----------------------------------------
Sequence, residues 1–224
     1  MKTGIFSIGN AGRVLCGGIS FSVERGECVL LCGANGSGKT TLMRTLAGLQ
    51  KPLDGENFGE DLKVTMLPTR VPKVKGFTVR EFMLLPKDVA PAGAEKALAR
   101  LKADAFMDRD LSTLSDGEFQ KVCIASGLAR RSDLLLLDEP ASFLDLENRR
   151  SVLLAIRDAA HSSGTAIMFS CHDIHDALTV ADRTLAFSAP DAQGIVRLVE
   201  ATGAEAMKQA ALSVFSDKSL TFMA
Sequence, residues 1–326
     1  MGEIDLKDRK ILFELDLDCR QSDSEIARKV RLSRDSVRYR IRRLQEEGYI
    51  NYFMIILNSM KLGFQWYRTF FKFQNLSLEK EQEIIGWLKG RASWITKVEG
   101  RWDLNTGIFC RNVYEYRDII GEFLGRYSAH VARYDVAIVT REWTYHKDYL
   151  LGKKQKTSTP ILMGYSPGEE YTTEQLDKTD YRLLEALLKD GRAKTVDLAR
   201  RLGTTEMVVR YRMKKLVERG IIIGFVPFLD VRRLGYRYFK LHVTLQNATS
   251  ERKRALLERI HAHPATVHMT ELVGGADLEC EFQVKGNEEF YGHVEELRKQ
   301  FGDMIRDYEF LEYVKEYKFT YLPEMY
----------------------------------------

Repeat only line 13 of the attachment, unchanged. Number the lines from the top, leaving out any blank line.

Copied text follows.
   251  ERKRALLERI HAHPATVHMT ELVGGADLEC EFQVKGNEEF YGHVEELRKQ